Does your company boast a best-in-class work environment? Are your corporate culture, employee engagement and benefits second to none? Do you go out of your way to not just attract the best talent but also nurture and reward that talent?
Then you could be in with a chance of making our list of the Best Places to Work in Property 2019. Creating outstanding workplaces is something that the property industry knows plenty about, but this is the only survey and awards programme that celebrates the best-in-class workplaces they create for their own employees.
Companies will be evaluated across eight metrics: workplace environment; company culture and communications; leadership and planning; relationship with supervisor; role satisfaction; training, development and resources; overall engagement; and pay and benefits. Those that make the grade will then be invited to join their peers at a special event to celebrate their achievements in the new year.
But time is running out. You only have until Friday 5 October to register for this year’s survey, conducted for Property Week by Best Companies Group.
European Medicines Agency landlords stand to lose millions of pounds of rent from tenants moving because of Brexit.
In the summer of 1902, Mr Krell agreed to rent a room in Pall Mall from Mr Henry to watch King Edward VII’s coronation procession. However, the King fell ill and the procession was cancelled.
As the King’s appendicitis was neither man’s fault, Mr Krell successfully argued for the first time in the history of English law that a contract had been frustrated, on the grounds that an implied condition of the contract was that the King would be at the coronation procession. As a result, Mr Krell was not liable to pay any rent.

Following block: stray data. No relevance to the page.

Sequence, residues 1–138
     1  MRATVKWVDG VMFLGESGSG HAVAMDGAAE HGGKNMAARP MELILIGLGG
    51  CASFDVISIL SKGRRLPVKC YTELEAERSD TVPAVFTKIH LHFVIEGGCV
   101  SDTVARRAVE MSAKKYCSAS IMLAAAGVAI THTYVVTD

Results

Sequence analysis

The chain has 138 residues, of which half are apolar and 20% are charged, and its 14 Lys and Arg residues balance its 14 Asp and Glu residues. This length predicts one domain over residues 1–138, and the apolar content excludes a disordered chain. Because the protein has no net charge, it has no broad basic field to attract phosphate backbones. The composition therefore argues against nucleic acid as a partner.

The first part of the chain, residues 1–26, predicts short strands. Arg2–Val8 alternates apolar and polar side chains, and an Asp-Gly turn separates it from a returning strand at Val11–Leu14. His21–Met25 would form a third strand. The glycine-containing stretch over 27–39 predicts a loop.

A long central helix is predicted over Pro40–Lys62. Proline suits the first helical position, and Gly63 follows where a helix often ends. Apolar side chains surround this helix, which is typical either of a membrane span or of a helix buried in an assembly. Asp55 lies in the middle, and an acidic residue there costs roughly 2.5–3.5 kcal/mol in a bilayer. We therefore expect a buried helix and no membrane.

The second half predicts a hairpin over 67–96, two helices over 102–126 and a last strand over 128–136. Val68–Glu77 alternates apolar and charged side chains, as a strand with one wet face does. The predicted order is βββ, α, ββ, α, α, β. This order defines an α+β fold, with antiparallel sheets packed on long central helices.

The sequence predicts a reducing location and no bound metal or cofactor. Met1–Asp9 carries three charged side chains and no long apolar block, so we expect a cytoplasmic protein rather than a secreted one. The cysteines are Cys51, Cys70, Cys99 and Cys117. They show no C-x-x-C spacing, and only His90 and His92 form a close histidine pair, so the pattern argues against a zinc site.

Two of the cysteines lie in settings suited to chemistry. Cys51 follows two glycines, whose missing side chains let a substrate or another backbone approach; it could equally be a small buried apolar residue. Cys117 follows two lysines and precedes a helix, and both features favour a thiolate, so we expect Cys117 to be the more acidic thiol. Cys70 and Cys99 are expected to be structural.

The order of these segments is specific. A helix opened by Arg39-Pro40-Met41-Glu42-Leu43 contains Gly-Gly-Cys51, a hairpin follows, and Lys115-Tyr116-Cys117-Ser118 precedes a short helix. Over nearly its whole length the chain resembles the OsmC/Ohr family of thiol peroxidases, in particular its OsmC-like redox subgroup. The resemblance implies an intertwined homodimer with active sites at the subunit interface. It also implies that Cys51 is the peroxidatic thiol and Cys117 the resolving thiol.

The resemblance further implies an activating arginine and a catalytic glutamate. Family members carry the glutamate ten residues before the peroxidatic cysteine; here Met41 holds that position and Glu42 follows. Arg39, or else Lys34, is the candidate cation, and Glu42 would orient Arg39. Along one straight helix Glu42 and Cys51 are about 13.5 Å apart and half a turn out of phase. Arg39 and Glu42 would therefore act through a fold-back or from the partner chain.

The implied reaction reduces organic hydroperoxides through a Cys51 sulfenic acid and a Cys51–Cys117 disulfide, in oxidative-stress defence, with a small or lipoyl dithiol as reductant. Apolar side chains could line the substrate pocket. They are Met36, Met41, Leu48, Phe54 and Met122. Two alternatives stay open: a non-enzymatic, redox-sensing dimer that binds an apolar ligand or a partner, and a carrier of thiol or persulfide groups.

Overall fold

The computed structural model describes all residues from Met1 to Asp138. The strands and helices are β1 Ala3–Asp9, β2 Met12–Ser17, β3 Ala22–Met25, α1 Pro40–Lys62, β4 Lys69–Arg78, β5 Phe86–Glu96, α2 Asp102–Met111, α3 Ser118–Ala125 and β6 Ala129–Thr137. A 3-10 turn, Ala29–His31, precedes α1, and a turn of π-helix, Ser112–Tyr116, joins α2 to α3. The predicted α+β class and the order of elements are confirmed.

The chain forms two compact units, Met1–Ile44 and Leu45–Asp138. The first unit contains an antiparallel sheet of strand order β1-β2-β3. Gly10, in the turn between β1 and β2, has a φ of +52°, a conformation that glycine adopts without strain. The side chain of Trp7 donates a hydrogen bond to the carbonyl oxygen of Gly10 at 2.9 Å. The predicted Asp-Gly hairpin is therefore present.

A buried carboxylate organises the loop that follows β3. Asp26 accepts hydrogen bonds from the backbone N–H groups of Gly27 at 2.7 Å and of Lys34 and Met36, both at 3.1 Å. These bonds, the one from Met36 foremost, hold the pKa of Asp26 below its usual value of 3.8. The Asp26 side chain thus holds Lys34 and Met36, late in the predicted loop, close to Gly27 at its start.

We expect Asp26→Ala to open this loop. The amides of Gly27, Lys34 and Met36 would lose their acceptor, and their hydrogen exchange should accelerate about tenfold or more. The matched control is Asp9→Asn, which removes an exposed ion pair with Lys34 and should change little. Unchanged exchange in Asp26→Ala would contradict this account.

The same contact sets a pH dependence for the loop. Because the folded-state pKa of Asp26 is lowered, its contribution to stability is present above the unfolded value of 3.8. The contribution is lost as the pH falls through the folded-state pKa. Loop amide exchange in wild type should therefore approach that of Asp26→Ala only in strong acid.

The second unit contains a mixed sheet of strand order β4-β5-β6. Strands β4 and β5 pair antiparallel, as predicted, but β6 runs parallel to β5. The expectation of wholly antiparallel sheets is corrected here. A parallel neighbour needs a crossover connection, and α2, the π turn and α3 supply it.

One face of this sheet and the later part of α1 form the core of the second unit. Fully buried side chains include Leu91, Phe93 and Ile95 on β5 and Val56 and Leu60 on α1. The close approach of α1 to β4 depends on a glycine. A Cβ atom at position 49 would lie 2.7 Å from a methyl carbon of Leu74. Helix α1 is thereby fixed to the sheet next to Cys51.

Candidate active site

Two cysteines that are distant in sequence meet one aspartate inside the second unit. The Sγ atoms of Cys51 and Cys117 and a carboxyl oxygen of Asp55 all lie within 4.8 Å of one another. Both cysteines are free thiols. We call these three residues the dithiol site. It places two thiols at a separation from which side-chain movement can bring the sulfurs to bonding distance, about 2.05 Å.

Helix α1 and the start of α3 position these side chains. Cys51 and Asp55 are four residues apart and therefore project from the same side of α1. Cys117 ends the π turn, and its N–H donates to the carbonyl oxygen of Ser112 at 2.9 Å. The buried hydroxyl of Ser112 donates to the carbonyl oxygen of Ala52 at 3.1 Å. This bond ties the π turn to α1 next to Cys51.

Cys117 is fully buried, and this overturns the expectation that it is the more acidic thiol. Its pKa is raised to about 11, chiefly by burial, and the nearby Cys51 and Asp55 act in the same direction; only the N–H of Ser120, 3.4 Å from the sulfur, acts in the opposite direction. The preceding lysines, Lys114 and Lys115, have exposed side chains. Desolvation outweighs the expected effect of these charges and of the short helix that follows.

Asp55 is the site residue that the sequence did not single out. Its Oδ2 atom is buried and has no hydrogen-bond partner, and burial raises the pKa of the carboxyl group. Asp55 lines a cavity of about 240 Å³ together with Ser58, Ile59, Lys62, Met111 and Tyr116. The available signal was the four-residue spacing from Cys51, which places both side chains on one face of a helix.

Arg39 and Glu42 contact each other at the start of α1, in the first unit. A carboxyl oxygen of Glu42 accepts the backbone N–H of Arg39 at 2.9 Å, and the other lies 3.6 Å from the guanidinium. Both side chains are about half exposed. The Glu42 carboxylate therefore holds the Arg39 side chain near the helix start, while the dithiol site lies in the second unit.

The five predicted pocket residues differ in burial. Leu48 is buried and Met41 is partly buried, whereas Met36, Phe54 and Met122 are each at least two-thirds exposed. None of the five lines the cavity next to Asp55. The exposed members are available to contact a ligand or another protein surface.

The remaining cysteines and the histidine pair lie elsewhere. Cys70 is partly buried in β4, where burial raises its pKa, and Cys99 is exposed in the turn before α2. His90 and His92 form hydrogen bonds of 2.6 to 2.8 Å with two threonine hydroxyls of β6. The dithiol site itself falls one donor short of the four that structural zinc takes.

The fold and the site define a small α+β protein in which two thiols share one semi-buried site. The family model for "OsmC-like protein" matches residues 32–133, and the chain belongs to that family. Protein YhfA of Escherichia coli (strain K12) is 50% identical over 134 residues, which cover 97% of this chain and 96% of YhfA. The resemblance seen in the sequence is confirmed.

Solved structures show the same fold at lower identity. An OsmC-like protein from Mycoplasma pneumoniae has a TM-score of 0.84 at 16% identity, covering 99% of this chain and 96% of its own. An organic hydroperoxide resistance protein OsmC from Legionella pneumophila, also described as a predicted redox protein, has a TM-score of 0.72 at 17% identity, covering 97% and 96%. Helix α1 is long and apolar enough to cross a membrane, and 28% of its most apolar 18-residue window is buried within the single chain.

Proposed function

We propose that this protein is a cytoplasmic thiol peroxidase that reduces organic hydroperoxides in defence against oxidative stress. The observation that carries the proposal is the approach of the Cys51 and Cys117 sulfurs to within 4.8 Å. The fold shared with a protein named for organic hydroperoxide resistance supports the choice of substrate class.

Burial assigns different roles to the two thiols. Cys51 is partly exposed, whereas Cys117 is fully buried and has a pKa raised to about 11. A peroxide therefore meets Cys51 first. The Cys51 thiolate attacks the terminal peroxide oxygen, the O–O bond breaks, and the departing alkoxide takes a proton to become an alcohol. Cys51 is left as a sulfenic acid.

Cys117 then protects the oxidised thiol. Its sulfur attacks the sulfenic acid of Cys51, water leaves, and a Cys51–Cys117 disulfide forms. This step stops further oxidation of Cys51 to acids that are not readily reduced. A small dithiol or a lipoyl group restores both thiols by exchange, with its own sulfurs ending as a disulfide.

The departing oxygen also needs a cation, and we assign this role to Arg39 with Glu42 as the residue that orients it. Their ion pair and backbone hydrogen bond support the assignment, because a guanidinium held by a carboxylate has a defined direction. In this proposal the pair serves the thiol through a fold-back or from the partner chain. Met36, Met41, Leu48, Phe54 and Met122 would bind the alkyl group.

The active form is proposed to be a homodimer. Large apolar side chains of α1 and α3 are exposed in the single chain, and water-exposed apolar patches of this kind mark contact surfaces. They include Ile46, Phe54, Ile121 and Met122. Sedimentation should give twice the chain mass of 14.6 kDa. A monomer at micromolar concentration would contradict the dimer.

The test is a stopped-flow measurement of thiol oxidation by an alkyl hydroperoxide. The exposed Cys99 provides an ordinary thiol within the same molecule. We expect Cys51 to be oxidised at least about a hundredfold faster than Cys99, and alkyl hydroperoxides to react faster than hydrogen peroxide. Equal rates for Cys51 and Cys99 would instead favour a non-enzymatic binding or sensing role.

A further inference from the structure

In a case that is due to be heard in the coming weeks, the European Medicines Agency (EMA) is aiming to use this same legal precedent to win a case against landlord Canary Wharf Group so it can break a 25-year lease and move to Amsterdam. In this instance, there is no unforeseen monarchical malaise. Instead, Brexit is at the heart of the case.
Brexit, berries, and bookkeeping
What’s the difference between five tonnes of raspberries and an accountant?
Their future prospects under Brexit.
It’s not a particularly funny punchline, but it is true. According to reports this week, Brexit has dented the fortunes of fruit growers – but could trigger a boom for accountancy.
The National has located at least three major fruit growers that have been forced to let produce rot in fields. An absence of seasonal workers from the continent has been blamed for the productivity slump. One farm reported 15 tonnes of strawberries and five tonnes of raspberries going to waste in the last week.
At present, there are around 75,000 overseas seasonal labourers working in agriculture throughout the UK . The industry estimates that it requires 80,000 personnel as a minimum. That figure is projected to rise to 95,000 within the next three years.
Scottish National Party MSP Graeme Dey commented that it was government policy – not lack of opportunity – that kept labourers away. “Keeping the door closed in the face of valuable labour – those who want to come here to work hard and help our economy – serves nobody’s purposes. We need more seasonal workers and we need them now.”